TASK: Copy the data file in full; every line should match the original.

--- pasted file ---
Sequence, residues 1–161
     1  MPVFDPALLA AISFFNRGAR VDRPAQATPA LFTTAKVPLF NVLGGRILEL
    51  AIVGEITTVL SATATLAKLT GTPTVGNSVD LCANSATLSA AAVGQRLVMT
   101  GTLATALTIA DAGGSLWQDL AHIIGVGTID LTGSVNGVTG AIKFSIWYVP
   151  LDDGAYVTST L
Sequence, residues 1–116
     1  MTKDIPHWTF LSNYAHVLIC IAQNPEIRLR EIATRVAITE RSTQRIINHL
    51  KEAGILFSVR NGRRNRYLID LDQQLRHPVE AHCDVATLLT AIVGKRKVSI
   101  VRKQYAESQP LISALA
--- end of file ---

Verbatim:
Sequence, residues 1–161
     1  MPVFDPALLA AISFFNRGAR VDRPAQATPA LFTTAKVPLF NVLGGRILEL
    51  AIVGEITTVL SATATLAKLT GTPTVGNSVD LCANSATLSA AAVGQRLVMT
   101  GTLATALTIA DAGGSLWQDL AHIIGVGTID LTGSVNGVTG AIKFSIWYVP
   151  LDDGAYVTST L
Sequence, residues 1–116
     1  MTKDIPHWTF LSNYAHVLIC IAQNPEIRLR EIATRVAITE RSTQRIINHL
    51  KEAGILFSVR NGRRNRYLID LDQQLRHPVE AHCDVATLLT AIVGKRKVSI
   101  VRKQYAESQP LISALA